Explaining Donald Trump as well as Brexit

Many voters may not be clearly aware that the actual source of their discontent is the system itself

Things are never quite as they seem. As political pundits and commentators try to explain the extraordinary decision of Great Britain to leave the European Union and the bizarre rise of Donald Trump as the Republican’s candidate for the US presidency, they consider only the surface issues.

The gist of their conclusions is that a growing distance between the rulers and the ruled has allowed the empty space to be filled by the unusual and eccentric. In essence, they contend, the political elite are not communicating with the common people, so strange positions and characters have an appeal that would otherwise be dismissed as irrelevant or fringe.

But this is only the surface explanation. Beneath it are far more profound and disturbing issues that are much more uncomfortable to confront and articulate — issues that politicians are reluctant to explore lest they be deemed radicals.

And, perhaps, many voters may not be clearly aware that the actual source of their discontent is the system itself.

The stunning events occurring lately have been a vote of non-confidence for the whole socio-economic structure that is the foundation of our modern materialistic culture, a collective reaction against a way of thinking and behaving that is usually unquestioned. Put succinctly, the system is not delivering and distributing its promised benefits, the frustrated and disillusioned citizens are searching for change, and the best they can do is to reject the status quo.

The only way to understand their collective psychology of protest is from a distance that gives perspective to the cumulative effects of the system’s many failures.

Local communities everywhere are haunted by the sorry necessity for food banks, by the sad plight of the homeless, and by the rising rates of poverty. If the system is so successful, what explains these social injustices? Profound income inequities are shrinking the middle class and bifurcating society into isolated classes of the odiously rich and the struggling poor. These are not the signs of a just and viable system.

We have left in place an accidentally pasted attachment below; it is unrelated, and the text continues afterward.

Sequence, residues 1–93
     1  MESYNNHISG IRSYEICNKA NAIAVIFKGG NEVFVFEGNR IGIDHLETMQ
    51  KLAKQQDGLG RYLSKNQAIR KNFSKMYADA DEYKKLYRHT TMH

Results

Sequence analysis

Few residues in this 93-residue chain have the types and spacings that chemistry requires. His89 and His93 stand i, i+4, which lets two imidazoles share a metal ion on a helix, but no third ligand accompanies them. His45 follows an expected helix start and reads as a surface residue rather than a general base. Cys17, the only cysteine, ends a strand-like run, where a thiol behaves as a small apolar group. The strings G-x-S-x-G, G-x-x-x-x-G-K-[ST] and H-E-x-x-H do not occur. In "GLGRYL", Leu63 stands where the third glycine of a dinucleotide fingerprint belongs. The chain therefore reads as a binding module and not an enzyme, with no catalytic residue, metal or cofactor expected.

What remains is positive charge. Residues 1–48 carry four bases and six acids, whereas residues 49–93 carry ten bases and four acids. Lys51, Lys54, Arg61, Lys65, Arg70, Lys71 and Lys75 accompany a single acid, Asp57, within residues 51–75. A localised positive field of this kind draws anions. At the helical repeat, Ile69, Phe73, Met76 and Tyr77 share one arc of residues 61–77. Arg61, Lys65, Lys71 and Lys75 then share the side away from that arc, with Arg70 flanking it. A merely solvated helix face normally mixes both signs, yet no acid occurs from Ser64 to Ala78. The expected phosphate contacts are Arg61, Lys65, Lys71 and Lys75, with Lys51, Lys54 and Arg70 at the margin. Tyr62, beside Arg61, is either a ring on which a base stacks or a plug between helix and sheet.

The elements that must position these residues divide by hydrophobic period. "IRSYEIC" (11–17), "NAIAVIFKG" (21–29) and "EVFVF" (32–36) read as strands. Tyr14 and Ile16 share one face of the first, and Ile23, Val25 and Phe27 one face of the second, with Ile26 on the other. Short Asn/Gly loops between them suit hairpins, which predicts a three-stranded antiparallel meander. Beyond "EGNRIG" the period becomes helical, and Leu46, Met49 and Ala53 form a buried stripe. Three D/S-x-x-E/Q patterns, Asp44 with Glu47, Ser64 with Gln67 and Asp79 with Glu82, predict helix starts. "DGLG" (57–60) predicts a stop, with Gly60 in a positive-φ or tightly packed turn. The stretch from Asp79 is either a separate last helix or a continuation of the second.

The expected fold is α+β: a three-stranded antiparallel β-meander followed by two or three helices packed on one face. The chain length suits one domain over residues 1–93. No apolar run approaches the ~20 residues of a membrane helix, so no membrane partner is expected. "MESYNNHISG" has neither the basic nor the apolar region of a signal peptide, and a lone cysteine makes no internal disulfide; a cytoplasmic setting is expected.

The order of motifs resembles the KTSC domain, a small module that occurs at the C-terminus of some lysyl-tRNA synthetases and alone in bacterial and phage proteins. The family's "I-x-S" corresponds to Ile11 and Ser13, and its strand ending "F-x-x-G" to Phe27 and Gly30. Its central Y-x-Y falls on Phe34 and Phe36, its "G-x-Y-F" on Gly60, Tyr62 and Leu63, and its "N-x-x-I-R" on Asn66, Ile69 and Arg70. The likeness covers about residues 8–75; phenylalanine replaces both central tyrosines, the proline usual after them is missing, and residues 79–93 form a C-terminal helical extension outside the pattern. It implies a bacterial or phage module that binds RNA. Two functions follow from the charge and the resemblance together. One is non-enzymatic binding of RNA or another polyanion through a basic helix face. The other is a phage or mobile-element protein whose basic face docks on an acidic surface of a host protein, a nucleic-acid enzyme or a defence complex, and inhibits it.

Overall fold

Free-trade agreements and the corporate forces of globalization are crippling the autonomy of governments, destroying employment security and disenfranchising voters.

The methodical collapse of a reasonably compassionate social structure into an impersonal economic machine of engineered winners and losers makes for a disquieting place to live.

Then add to this corrosive pall the demoralizing effects of ubiquitous pollution, a world-wide energy structure in upheaval, the intractable malaise of the Great Recession, the insanity of terrorism, record numbers of refugees, and a rising human population that is crowding into cities, more places which are becoming progressively more difficult to organize as convenient, comfortable and affordable locations to inhabit. And hovering over these shadows is a warming planet with all the concomitant threats that come with it. So the optimism that fuels public contentment is becoming increasingly scarce. The total social effect is an immense anxiety and uncertainty that expresses itself in unpredictable and aberrant ways.

Perhaps many people haven’t carefully analyzed the litany of circumstances that are making them uneasy, or they can’t clearly articulate exactly what is amiss. But they know how they feel.

And they want change — although the change they get may not be what they want.